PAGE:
Freudian Analysis of Shakespeare’s Hamlet
According to Dr. Sigmund Freud’s The Interpretation of Dreams, we all have repressed wishes and desires; (Barlow, Durand) one of the most common of these repressed desires is the Oedipus Complex. In William Shakespeare’s Hamlet, the Oedipus Complex remains repressed, and we only learn of its existence through the effects which proceed from it. With the untimely death of Hamlet’s father and his mother’s rushed remarriage, Hamlet’s unacceptable, yet tantalizing thought of sexwith Gertrude causes Hamlet great distress as his unconscious desires agonizingly confuse and disorient Hamlet into a bewildered state of mind.
In the opening scenes of Hamlet, the family unit has been tainted to include Claudius as the father figure in Hamlet’s life. This puts Hamlet in the rather complicated position of choosing between two father figures. In order to assume a more masculine identity, Hamlet must take on the characteristics of his father and slay the false father. Hamlet has clearly adored his father for years, as shown in Act 3, Scene 4 when Hamlet compares his father to Hyperion, the sun-king during an impassioned speech to his mother (173). Thus, after the murder of Hamlet’s father and Gertrude’s rushed marriage, Hamlet feels that he must avenge his father’s death by taking on the role of a devoted and revenge-seeking son. Hamlet justifies his plan of retaliation as a means of earning the as of yet unattainable respect of his father.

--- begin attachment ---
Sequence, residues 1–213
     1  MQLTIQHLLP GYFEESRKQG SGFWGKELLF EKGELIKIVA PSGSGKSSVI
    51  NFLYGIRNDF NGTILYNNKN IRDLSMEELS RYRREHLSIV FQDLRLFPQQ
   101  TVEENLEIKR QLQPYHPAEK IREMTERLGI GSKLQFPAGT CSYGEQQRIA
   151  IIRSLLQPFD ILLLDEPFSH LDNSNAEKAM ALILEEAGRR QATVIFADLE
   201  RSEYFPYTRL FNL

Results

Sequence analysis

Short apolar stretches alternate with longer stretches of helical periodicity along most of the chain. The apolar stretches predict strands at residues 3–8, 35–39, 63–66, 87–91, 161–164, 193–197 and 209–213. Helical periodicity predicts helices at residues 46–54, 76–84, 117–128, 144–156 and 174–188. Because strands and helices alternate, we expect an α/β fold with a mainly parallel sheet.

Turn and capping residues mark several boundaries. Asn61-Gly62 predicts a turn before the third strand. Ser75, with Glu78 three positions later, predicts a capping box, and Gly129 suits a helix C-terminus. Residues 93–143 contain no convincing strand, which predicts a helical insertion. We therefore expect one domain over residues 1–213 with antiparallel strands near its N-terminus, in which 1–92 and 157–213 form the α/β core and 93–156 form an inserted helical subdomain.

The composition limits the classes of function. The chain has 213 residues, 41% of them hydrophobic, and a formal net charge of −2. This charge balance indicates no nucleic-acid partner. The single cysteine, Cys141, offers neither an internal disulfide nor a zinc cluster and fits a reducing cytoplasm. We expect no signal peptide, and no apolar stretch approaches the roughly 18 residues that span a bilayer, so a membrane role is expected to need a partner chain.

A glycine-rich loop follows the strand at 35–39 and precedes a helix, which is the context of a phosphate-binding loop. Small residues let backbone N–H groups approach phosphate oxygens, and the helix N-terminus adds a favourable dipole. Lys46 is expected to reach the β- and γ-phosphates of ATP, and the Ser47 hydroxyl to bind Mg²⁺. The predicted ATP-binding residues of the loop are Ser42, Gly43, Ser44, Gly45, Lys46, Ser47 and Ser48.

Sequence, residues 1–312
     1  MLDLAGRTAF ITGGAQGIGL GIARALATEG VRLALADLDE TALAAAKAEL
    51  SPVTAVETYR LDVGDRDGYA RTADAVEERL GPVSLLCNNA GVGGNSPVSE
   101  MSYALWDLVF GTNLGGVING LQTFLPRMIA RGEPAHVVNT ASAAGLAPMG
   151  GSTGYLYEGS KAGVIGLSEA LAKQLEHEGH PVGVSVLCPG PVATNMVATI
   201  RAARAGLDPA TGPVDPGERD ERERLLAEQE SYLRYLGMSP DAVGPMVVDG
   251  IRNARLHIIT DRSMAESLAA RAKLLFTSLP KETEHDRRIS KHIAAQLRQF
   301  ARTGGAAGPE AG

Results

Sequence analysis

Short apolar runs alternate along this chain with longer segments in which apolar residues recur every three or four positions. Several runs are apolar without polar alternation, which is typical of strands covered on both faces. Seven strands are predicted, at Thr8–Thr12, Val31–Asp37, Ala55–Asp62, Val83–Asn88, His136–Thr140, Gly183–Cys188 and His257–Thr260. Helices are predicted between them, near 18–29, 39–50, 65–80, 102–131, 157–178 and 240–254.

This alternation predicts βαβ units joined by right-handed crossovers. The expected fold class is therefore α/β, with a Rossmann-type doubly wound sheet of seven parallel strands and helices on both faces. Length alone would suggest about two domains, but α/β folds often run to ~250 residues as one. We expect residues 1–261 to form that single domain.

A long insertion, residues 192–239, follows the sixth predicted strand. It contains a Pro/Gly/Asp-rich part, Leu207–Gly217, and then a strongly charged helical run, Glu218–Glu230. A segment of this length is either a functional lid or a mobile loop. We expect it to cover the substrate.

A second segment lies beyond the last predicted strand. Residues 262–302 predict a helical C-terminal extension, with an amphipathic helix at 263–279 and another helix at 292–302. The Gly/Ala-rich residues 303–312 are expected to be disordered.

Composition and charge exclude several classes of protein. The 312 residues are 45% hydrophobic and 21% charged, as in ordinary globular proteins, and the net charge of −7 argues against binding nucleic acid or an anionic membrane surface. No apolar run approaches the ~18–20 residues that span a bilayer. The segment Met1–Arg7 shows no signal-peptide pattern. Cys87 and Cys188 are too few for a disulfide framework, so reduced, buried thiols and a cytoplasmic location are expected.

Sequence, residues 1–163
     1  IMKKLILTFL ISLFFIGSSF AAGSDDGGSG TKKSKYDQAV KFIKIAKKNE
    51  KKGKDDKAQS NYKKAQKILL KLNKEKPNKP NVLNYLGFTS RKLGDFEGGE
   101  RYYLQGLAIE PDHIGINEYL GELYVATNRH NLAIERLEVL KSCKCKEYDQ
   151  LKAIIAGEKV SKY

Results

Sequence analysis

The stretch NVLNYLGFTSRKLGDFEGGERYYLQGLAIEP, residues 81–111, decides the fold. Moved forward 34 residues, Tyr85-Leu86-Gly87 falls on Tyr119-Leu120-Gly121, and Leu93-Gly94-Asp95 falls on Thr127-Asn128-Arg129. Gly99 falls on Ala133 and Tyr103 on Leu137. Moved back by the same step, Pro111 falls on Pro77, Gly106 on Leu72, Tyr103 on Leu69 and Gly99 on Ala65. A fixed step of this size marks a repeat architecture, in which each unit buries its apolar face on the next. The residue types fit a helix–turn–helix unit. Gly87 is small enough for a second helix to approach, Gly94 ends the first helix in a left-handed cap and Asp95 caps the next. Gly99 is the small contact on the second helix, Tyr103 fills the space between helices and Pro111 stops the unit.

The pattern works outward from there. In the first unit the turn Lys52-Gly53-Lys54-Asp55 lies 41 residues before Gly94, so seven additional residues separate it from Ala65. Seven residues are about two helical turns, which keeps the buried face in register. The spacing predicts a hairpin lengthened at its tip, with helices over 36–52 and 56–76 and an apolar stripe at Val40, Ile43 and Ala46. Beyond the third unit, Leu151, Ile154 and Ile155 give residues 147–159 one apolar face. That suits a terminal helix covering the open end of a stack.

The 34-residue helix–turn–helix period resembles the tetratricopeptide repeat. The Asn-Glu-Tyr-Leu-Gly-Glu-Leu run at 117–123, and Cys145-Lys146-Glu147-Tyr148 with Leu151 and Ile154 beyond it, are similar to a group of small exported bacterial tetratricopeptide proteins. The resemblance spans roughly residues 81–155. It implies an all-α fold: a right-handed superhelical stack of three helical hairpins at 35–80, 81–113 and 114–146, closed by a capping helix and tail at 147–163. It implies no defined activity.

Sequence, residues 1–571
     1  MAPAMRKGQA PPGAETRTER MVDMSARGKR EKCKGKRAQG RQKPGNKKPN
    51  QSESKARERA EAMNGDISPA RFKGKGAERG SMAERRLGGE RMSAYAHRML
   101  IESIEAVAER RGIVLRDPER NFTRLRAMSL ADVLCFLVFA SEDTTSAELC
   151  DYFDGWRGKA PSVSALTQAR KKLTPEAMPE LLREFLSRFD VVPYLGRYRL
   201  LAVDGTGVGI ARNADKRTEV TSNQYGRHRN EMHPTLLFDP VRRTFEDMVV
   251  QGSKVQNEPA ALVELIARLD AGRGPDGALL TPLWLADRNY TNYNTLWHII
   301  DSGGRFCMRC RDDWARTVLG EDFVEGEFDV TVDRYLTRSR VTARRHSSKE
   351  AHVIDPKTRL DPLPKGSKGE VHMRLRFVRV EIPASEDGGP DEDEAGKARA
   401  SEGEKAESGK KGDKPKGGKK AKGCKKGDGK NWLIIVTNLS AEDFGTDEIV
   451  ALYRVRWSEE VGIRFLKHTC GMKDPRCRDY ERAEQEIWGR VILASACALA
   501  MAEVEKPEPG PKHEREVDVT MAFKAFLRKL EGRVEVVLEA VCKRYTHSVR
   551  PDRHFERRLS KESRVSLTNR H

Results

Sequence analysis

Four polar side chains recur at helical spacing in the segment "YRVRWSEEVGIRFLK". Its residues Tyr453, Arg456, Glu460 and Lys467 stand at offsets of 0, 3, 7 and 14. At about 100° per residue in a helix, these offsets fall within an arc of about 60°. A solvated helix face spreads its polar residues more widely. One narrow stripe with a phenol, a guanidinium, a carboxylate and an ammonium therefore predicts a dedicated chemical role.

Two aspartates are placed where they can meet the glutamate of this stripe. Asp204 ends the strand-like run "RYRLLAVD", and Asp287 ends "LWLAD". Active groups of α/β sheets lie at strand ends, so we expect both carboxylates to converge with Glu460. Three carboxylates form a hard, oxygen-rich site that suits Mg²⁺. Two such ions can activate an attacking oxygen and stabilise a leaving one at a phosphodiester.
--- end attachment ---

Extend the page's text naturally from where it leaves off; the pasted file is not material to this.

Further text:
Hamlet further imitates his father by posing as the main authority figure, which his father had done. Hamlet continues to take on the characteristics of the father he idolized, fulfilling the repressed wishes of the Oedipus Complex. Freud says “…Wish fulfillment is the desire, unconsciously motivated, to attain those things that provide us with pleasure. This pleasure may or may not be the best thing for our psyche but this does not stop the ID (the natural matrix of basic...